A conversation with Andrew Halper

Since the most ancient ages, the history of refugees has been critical and sometimes impossible to manage. Thanks to a special guest, we have explored the fundamental past events about the first refugees that needed help for having escaped a difficult and tragic condition from their motherland.

Mr. Andrew Halper attended the University of British Columbia and he earned a DEA in African Law at the Université de Paris I Panthéon-Sorbonne. He is a consultant on China-related matters.


In 2016, he joined the Board of Trustees of the UK Refugee Council, he also serves as a magistrate in London.

According to the UN, there are 68 and half million refugees in the world. Thanks to the Geneva Conventions, they gained some rights related to asylum and international law for humanitarian treatment. This compromise of four treaties defined also the basic rights of wartime prisoners and also for civilians near war-zone.

This data is driven by several factors: destructive of warfare, from the improvement of transports, climate change, post-colonial establishment of independent state and the protracted civil wars.

People are able to move with fake passports, permissions, and a more connected world can facilitate the transmissions from country to country.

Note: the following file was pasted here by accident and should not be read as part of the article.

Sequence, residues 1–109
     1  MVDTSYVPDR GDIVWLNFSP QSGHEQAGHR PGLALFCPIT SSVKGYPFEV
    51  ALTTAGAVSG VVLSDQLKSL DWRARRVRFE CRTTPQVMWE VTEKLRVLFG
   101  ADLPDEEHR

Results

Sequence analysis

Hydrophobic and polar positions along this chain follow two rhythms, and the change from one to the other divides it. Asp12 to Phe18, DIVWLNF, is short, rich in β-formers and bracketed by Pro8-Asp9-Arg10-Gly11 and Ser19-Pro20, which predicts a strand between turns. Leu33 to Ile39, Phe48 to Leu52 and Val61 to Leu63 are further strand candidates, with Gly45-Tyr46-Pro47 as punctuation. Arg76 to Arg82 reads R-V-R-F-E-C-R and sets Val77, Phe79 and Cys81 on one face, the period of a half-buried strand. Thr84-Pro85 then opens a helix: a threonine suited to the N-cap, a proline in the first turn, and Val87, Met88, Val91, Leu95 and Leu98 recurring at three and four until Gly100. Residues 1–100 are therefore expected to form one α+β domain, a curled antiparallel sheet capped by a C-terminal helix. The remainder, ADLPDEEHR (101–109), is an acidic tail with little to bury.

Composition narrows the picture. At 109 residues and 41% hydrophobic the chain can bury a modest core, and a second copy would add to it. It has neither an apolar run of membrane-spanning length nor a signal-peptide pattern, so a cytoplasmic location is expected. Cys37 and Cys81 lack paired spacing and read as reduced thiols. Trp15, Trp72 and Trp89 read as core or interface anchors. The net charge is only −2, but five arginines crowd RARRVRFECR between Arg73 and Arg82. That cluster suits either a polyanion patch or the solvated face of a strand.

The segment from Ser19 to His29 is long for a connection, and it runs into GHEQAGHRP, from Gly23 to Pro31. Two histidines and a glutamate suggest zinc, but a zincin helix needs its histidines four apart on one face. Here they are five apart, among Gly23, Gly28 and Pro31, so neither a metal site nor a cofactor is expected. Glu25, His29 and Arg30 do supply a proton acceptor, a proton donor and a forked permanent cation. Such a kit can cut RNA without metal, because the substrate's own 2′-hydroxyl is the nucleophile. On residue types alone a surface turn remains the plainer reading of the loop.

One individual on six people is a refugee for different reasons, sometimes he or she can’t explain the reason why they are escaping and what are their plans for the future. They don’t even have the possibility to speak or explain their situation with all the truth that they have in their hearts.

According to Andrew Halper, countries have had different responses about the acceptance and hospitality for refugees; Germany is an example of a country that hosted the first wave of refugees and then followed with this policy. Another example of refugees’ tragedies is the case of Syrian refugees in Turkey. The Syrian civil war has created one of the largest episodes of human suffering of the early twenty-first century. Turkey shares a 900 km border with Syria, the country began receiving refugees in small numbers in the summer of 2011. The huge problem related to this fact concerns the lack of education for children. The future generations needs the best education because the culture does not do distinction among immigrants, refugees or business men.

In addition to this, the ability to learn a profession is beneficial and advantageous for the host countries: new refugees can contribute to the job market and a new development for the society.


They ask with a loud voice; the need of help and assistance. Sending them back is not the actual solution to solve “ruptures” of our century. They need the right to education, hospitality and safety. Refugees can be compared with the case of MS St. Louis: it was a German ocean liner infamously known for carrying more than 900 Jewish refugees from Germany in 1939 intending to debark in Cuba, where they were denied permission to land. The captain tried to find a nation for them, then they returned to various European countries and some of them took few refugees; they saved them from the Nazi’s menace. The “Voyage of the Damned” is a never-ending adventure, also today for some of refugees all around the world.






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